It’s important to be prepared for the classroom and the situations and scenarios you may encounter, but it’s also important to be prepared for campus life. There are situations and scenarios you should be prepared to encounter there as well.
For starters, there are terms you need to know as a freshman on campus. One of the most important ones may be Thirsty Thursday. Every weekend is a three-day weekend when you’re at college. For many, the parties begin Thursday nights. For others, that’s pure procrastination.
Dehydration appears to be a rampant health problem with college students, hence the need to drink. And drink. And drink. And drink. I’m not talking about social drinking, having a glass of wine with dinner when you’re 21. I’m not even talking about the “hey, look at me I’m so cool—I’m underage, standing by a big kegger and tossing back a beer.” The drinking scene has changed in recent years. It’s hardened. This isn’t about under-age drinkers tying one on once in a while, or once a month, but drinking continuously. Hard on the weekend, and off and on, mostly on, during the week. It’s called binge drinking and college presidents agree it is the most serious problem on campus.1
A Harvard study found that 44% of U.S. college students engage in binge drinking. For females, binge drinking is described as four or more drinks in a row. For males, binge drinking is described as drinking five or more drinks in a row. Forty percent of college women are binge drinkers and 51 percent of the men are binge drinkers. Binge drinkers are typical white, age 23 or younger, and residents of a fraternity or sorority.2 If you binge in high school, you’re likely to binge in college. Finally, the study found binge drinkers binge three or more times in a two-week period.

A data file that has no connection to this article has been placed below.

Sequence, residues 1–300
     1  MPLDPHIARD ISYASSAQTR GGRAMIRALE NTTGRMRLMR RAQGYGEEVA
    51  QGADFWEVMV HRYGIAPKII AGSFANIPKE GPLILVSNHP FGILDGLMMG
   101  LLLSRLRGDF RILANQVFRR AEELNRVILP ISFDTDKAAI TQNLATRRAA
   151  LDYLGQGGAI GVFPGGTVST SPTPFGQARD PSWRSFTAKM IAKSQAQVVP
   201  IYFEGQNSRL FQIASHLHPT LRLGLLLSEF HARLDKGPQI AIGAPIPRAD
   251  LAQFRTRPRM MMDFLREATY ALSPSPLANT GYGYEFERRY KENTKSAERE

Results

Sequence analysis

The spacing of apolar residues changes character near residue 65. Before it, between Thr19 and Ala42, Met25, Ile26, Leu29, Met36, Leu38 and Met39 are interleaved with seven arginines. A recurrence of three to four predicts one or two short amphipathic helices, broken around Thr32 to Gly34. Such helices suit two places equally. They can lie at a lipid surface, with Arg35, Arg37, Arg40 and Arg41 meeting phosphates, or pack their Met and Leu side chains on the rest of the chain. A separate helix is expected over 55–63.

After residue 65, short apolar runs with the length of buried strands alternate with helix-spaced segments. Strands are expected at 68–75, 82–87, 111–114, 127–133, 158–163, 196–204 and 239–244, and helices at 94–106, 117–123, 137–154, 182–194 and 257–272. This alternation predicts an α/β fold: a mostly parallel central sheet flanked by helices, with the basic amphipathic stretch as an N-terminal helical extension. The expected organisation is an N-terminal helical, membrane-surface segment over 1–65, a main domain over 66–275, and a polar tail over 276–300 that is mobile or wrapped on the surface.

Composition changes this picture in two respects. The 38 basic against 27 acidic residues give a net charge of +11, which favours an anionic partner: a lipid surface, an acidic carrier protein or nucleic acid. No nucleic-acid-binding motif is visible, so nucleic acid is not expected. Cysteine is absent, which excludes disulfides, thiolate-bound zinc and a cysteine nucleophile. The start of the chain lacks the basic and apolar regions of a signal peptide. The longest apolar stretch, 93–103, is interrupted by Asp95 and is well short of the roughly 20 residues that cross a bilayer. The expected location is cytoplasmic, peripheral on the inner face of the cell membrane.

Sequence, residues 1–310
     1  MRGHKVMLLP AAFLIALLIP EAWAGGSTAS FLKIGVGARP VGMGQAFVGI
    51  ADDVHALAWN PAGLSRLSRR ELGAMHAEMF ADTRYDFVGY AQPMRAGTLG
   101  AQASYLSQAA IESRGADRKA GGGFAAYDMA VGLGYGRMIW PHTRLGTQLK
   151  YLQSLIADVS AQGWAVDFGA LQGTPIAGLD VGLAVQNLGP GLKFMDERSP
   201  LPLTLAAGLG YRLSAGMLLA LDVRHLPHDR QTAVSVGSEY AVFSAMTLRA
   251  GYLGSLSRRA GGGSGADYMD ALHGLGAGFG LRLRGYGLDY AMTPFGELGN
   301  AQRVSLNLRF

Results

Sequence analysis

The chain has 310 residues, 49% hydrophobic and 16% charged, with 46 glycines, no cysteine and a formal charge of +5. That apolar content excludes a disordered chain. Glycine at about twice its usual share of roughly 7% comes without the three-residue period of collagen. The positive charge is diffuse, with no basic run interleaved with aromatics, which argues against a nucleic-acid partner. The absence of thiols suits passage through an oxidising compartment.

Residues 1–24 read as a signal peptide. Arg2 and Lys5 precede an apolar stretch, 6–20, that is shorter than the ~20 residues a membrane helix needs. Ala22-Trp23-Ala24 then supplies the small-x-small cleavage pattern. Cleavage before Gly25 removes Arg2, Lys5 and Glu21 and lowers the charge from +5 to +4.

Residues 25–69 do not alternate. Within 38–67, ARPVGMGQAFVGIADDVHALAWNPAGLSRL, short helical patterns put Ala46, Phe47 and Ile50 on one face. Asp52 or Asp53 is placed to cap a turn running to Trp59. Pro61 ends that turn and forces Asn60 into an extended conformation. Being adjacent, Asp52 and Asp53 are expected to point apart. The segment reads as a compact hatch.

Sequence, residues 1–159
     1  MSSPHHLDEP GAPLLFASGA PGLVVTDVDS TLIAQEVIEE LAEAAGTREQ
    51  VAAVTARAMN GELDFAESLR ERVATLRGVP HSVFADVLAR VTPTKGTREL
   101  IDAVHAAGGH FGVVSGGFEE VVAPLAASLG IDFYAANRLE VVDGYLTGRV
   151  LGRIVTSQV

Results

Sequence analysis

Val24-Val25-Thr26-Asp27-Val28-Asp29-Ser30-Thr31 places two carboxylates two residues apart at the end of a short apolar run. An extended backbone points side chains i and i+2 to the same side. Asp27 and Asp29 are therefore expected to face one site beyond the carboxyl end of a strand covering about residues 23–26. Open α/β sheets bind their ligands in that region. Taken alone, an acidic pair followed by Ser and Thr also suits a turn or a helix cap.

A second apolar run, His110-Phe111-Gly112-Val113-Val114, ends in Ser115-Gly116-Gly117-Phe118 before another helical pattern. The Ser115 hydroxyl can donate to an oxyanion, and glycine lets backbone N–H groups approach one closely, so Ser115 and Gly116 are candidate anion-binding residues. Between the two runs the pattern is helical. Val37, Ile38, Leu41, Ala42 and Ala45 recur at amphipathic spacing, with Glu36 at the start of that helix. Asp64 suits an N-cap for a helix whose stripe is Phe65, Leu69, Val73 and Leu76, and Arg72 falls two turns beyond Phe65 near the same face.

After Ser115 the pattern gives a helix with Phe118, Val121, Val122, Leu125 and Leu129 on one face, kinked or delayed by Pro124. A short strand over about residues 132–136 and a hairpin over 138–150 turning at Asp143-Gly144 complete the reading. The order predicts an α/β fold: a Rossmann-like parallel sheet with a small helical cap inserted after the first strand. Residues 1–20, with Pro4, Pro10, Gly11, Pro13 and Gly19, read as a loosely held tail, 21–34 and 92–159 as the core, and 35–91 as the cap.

Actually, the risks associated with alcohol abuse have been documented and are rather wide-ranging. A study by Bell and Howell Information and Leaning found:
On paper, statistics are cold, hard, boring numbers, but when you go to college and the statistics have faces, it’s another matter. The hurt brought about by alcohol abuse can be fleeting and temporary (a hangover), or long lasting and deadly.
The statistics became personal and heart wrenching at Ball State University. A 21-year-old student named Michael S. McKinney, had been out drinking when he decided to return to the house he was staying at around 3:30 a.m. Disoriented and intoxicated, McKinney went to the wrong house and began pounding on the back door. The homeowner, panicked and frightened, called police and reported that someone was trying to break into her house.
A Ball State University police officer, 24 and fairly new on the job, arrived on the scene and repeatedly yelled at the young man to “Stop! Get down!” Neighbors were watching from their windows as the homeowner had called them to alert them to the situation. They watched as the officer yelled. They watched as McKinney lunged at the officer and the officer fired his gun four times killing the student.
Tragic. Absolutely tragic. In a split second lives changed forever. Grief sent shock waves in a thousand different directions. It took investigators weeks to sort out the facts of the Ball State tragedy, but one fact that was clear from the beginning: When you engage in activities that dull your senses and numb your brain, you put yourself at risk.
True to the stereotype, Greek houses are often the hot spots for drinking and accompanying rowdiness. I went to a frat party the first week of college to see what it was like. My friends and I walked all throughout the house, in part because we got turned around. (I can’t imagine trying to find my way out if I were drunk.) Everyone was drinking. In the basement there was laughter and cheering as the guys were playing a chugging drinking game. There was dancing and smoking in other parts of the house, but for the most part, the entire party consisted of boozing, boozing, and more boozing. It was dull, so we decided to leave. I was surprised how boring the party actually was, plus the majority of them probably ended up puking that night, followed by a hangover the next morning and no memory of what they did. And this is fun? A lot of what passes for fun is due to boredom. Mix that with a lot of affluence and shortage of imagination and you have party after party, the same ol’, same ol’.